Hookups: 20, 30, 50 amp, water
Fire ring: yes
Water Access: yes
Dump station: yes
Level sites: yes
Verizon reception: 4g, 3 out of 4 bars
Millenicom reception: 2 out of 4 barsCost: $22 / night
Hi, this is Becky. I have been invited (coerced into??) to write a guest entry on John's blog. I will be providing some of my impressions of the camp ground. It was a former phosphate mining location that was reclaimed and given to the state of Florida in 1998. The park consists of hardwood and pine forests, meadows and numerous lakes. Despite the name of the park, we have not seen the Alafia River, which is on the map, but not next to the camping area.
The camp site we chose is about 100 yards from one of the ponds, and we have enjoyed viewing many birds from our site including--most spectacularly: ospreys, cardinals, red winged black birds, and a great blue heron. Some research told us that ospreys, who have made large nests atop several of the power line poles at park front entrance, primarily eat fish. We have been hoping to watch one of these eagle-like birds swoop down to grab a fish from the pond, but have not been treated to that spectacle yet!
The are are three types of trails featured in the park: hiking, biking and equestrian. Based on information on the website, a banner at the front entrance advertising a mountain bike rally coming up in April, the number of mountain bikers camping here, and the miles of trails designated for biking, it appears this state park is a mecca for those who enjoy this sport.
Upon our arrival, we took a short hike along one of the "nature" trails that leads away from the campground. We surprised a large doe who darted away from us in the underbrush--she also surprised us!! As the trail continued along one of the many lake-ettes in the park, we suddenly heard a loud splash at the shoreline, and very shortly thereafter, this guy popped up to give us the evil eye for disturbing him:
Needless to say, I felt the need to carry a stick after this encounter--although John thought it ridiculous.
The first full day of our time here we constantly were checking our weather radar apps to see if it would make sense to go into Lakeland, FL to watch a Detroit Tigers Spring Training game. There was a HUGE storm brewing in Florida, and we were right on the edge of it. We did drive to Lakeland, but the rain started while we were there, so we just stocked up on groceries, movies, and headed back to the safety and security of THE TANK. The weather got progressively worse, and proceeded to pour rain, thunder, lightening, with heavy wind all night. The water drained off fast the next day, and we did make it to a Tigers game.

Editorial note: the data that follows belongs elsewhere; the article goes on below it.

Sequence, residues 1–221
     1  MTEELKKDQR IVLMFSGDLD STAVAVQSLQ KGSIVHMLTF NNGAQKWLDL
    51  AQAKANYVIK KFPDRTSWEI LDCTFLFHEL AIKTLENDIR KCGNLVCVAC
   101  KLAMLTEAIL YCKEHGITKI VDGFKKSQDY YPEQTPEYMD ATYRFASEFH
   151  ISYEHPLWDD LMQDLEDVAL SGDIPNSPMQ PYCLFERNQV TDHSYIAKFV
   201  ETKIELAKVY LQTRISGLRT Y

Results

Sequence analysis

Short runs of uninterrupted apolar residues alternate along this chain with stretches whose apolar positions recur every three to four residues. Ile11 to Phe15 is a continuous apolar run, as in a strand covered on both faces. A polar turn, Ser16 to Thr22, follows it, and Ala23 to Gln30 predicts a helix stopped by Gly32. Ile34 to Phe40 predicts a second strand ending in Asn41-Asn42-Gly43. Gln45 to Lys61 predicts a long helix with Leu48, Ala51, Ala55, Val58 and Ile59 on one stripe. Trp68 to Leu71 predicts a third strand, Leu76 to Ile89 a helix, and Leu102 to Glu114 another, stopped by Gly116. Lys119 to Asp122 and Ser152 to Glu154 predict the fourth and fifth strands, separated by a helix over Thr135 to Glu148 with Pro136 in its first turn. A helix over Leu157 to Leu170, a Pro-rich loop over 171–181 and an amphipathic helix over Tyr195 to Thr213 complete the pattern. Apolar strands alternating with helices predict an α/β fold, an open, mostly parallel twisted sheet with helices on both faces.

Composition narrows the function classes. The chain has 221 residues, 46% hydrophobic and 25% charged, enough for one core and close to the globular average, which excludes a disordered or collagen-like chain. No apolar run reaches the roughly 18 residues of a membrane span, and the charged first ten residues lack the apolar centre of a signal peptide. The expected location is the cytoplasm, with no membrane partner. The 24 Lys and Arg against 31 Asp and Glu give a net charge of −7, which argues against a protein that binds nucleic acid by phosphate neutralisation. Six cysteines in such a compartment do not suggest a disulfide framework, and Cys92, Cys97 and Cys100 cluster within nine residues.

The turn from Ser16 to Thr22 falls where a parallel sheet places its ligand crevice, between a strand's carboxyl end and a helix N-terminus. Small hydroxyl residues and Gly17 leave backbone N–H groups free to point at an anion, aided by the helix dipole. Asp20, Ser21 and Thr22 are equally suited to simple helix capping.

The Alafia River State park features five Geocaches. Neither John or I had ever tried this activity, which involves entering GPS coordinates provided by the park into a map app, and following the resulting map to a hidden cache. Here is a photo of me with the first cache we found, after thrashing around in the brush, completely in the wrong place for quite awhile.
We learned to trust the intersection of our current location arrow and the coordinate point on the app. In the caches are log books for us to sign, and small trinkets that other Geocachers have left behind. Here is a picture of John, locating another one of the caches.
The "rule" is to take one of the trinkets, and leave behind something of equal value. We found four caches, leaving behind glow-in-the-dark bouncy balls, which believe me, were upgrades to some of the junk others had left behind. Here is a photo of our loot:
This park has been very quiet, and very clean. Surprisingly, even after all the rain and nice warm weather, there have not been many insects to "bug" us. John has been a wonderful "host," grilling some wonderful meals, being patient with my every need and whim, and helped me to have a relaxing Spring Break! Thank you, John. I have enjoyed my visit here.
|View of the lake from our Camp Site|